Re: Stop taxing profits
I totally agree that it's going to be impossible to raise all the tax that a government theoretically should be able to. They have set the target very low (so they're not unaware of this) It's just too complicated. I also agree that it's very hard to get the information you need to tax accurately, and companies can keep moving the goalposts (and the money) around. Finally I also agree that internationally coordinated action is far more likely to be effective at raising money, as well as being far more likely to do less harm than good.
But big corporations in the end do not set the terms of the debate. Governments do. In the extreme, if corporations make it impossible to get the information needed to tax them accurately, governments can just guess - and take any amount they want. Obviously that's liable to drive away business.
But Apples second largest market in the world is the UK. That gives the UK government a certain amount of leverage in the power-play against Apple. Should it choose to use it. I think the UK may only be third or fourth biggest for Google, but it's still many billions of profit a year. Even a few hundred million in taxes each year will not therefore drive them out of the market.
How powerful is public opionion? In the long term, quite a lot. Facebook could die in a matter of months if they truly piss the public off. They're a one-trick pony after all.
Google are becoming synonymous with tax-evasion and privacy-abuse. That's not good for the health of the brand. Look at Microsoft, they are dangerously close to becoming totally irrelevant in the personal computing market. Despite Windows Phone being rather good.
I said in my original post that it would be very hard to tax profit from global advertising (basically brand advertising from global companies). But anything that has a price in sterling, is from a UK only company, has a link to a UK sales site, or even a link to an internation sales organisation (but their UK arm), is going to be easy to track. And can therefore be taxed. If a company chooses to arse around with head-office charges, dodgy transfer pricing, franchise fees etc - then they can be tax audited to within an inch of their lives, and made to justify every single one of those charges, until it's cheaper to pay up. Or a law can be passed setting allowances for transfer pricing. Or a global company could be forced to provide a complete breakdown of their global books, down to every paperclip - and the Inland Revenue work out their liabilities and charge them for the privilage of getting say Ernst & Young to do the sums too. Governments can pass laws that say almost anything.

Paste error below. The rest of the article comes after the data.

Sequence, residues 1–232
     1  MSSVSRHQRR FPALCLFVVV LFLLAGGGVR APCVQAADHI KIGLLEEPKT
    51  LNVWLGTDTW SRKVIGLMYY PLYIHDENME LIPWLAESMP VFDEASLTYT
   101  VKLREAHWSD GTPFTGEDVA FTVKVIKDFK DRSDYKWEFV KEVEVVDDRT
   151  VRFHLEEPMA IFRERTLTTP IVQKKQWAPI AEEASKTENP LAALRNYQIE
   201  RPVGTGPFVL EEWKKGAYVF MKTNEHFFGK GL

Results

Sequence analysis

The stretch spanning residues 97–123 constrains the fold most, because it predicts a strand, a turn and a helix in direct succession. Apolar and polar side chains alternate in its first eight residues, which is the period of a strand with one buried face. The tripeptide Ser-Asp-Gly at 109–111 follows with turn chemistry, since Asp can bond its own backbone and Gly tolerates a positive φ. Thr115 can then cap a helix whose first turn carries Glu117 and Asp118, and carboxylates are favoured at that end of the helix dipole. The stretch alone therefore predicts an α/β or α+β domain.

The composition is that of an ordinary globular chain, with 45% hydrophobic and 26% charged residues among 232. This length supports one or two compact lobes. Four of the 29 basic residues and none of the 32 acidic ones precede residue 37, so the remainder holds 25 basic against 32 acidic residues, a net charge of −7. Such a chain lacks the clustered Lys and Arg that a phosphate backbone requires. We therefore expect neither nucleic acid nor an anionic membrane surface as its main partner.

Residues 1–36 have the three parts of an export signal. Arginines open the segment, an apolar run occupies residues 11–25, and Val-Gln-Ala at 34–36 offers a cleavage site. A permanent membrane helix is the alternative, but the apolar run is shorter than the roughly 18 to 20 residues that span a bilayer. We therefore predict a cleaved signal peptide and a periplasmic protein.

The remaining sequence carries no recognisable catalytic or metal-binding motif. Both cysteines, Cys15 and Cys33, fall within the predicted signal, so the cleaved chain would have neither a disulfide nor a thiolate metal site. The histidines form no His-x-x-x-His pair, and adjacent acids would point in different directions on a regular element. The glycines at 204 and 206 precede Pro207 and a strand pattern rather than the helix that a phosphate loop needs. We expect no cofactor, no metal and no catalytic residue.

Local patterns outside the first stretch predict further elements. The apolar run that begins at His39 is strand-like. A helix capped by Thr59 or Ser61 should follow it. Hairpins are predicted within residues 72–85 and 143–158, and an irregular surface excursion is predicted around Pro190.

It's hard to know what this policy will lead to. It could just be a quick pre-election PR stunt. It could be the first part of a 20 year process (mostly involving inter-government negotiation), or something in between. And I'm sure that even if this is the first skirmish in a long war - it'll have a small effect. But it'll be interesting to watch it play out.
My point is that multi-national companies in recent years have taken unprecedented steps to avoid paying any tax. Instead of using loopholes and accounting to lower their bills - they seem to be aiming to have no bills. Part of that is the European single market rules being exploited in ways that weren't planned. I also suspect a good part of it is actually going to turn out to have been fraud (see the banking industry for examples). At one point Google were claiming all their advertising contracts were in Ireland, yet had a sales force based in England - I wonder how close to the wind they were sailing there?
I think it's partly cultural, and that may (or may not) change. In the 90s recession there was a medium sized non-retail bank got into trouble in London. Nobody knew about this until something like 2005, when the Bank of England admitted it. They've got everyone together, and hammered out a solution. That was possibly the last hurrah of the old boys network in the City. Culture changed, and that kind of cooperation went out the window. So when the inter-bank system broke down in 2007-2008, the players weren't able to get together and sort things out in an orderly manner. Everyone knew the shit on their books would have to come out eventually, but seemingly couldn't bring themselves to admit it, even in secret - amongst peers who were equally deep in the brown and smelly. That would have made the crisis a lot less painful, and was in their own best interests. But the culture of the industry no longer allowed it. Equally that culture has turned out to eb riddle with deception, fraud, stupidity, lack of risk control and short-termism. Re-building banking regulations is a huge task, and it'll probably be ten more years before governments finish constructing the system. Who knows how long it'll take for the industry's culture to change. But change is inevitable.
The question isn't why do you expect you can change things? Instead it's, why do you think things will stay the same in a system that's only been like this for a handful of years?